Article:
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THE PARALEGALS’ ETHICAL CONSIDERATIONS
IN THE COVID 19 PANDEMIC

Even before the Covid-19 pandemic, private firms as well as government agencies were encouraging their employees to work from home. Agencies such as The National Aeronautics and Space Administration, The Department of Health and Human Services, Department of Defense, Department of the Navy and The Justice Department, Department of the Army Homeland Security and the Department of Veterans Affairs offer remote employment. [1] 

Private law firms as well had been trending toward work at home. [2]

This work at home trend has been vastly accelerated by the pandemic and subsequent government and business shut down orders of all non-essential businesses across the country. Even in the new environment, when working at home paralegals must always be vigilant on their duties of legal ethics.

The cannons and guidelines of paralegal ethics and professional responsibility from the National Association of Paralegal Associations (NEFPA)[3] and the National Association of Legal Assistants (NALA)[4] cover all aspects of the ethical obligations of paralegals.

 

Paralegal Ethics of Work From Home

All aspects of the paralegal ethics code are important and must be adhered to, however two areas of ethics referenced in both organizations’ ethical code deserve special attention when a paralegal is not tethered to the confines of an office environment. These are the Unauthorized Practice of Law (UPL) and the obligations of client confidentiality. UPL includes giving legal advice, representing a client in a court of law and signing legal pleadings such as a complaint, answer or preliminary objections.  Many states classify UPL as a misdemeanor. A paralegal can of course prepare legal documents, interview clients and witnesses and conduct legal research all under the supervision of an attorney. The process of obtaining that supervision can be challenging when the paralegal and the attorney are not in the same office. 

A paralegal can transfer legal information and principles to the client, which originated with the attorney but the paralegal working remotely must not transfer legal information to the client that is based on the paralegal’s independent analysis in applying legal judgments to a set of facts that a client may present.  Procedures must be in place to ensure adequate communication between the supervising attorney and the paralegal to avoid UPL, in a work from home environment.

Confidentiality is another paralegal ethical obligation that paralegals must maintain.  A lawyer or paralegal must not reveal information relating to representation of a client.  The rule on confidentiality is broader than the attorney client privilege and applies even to non-litigation and non-court proceedings.  The rule covers any information relating to the representation even public information the client wants to be kept confidential. An exception would be if the client authorizes the disclosure. The work product rule is especially important for paralegals working in civil litigation. In civil litigation, the discovery rules allow for broad disclosure of information from both sides as long as the request for the information is relevant to the case or could reasonably lead to discoverable information. Generally, materials prepared in anticipation of trial such as legal research, mental impressions, strategy, conclusions and opinions representing the value of a case are protected from disclosure. This is known as the work product rule and the paralegal must not make any disclosures that are the result of work product.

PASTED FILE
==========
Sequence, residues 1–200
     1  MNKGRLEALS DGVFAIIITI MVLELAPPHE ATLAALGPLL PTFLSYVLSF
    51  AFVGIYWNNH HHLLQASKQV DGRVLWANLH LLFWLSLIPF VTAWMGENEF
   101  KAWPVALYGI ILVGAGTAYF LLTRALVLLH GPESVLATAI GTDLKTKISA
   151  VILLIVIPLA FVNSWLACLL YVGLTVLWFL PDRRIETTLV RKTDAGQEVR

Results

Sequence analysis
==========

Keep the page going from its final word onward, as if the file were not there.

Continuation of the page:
Basic Tips to Work from Home

When working at home the paralegal should have a private work space where documents and client files are secure. When on the phone, the paralegal must ensure that the conversation is not overheard by other members of the household. Secure that laptop at all times. Resist the temptation to discuss with anybody information learned on the job. If in public, be aware of your conversations in elevators, hallways and restrooms.

No doubt, the trend to working at home will continue beyond the pandemic. Following the rules of not engaging in UPL and securing the confidentiality of the client will serve well the paralegal, client and supervising attorney in this new work environment.

 

[1] https://www.telework.gov/reports-studies/reports-to-congress/2019-report-to-congress.pdf

 

[2] https://www.flexjobs.com/employer-blog/law-firms-embracing-flexible-work/

 

[3]  https://www.paralegals.org/files/Model_Code_of_Ethics_09_06.pdf

 

[4] https://www.nala.org/certification/nala-code-ethics-and-professional-responsibility

 

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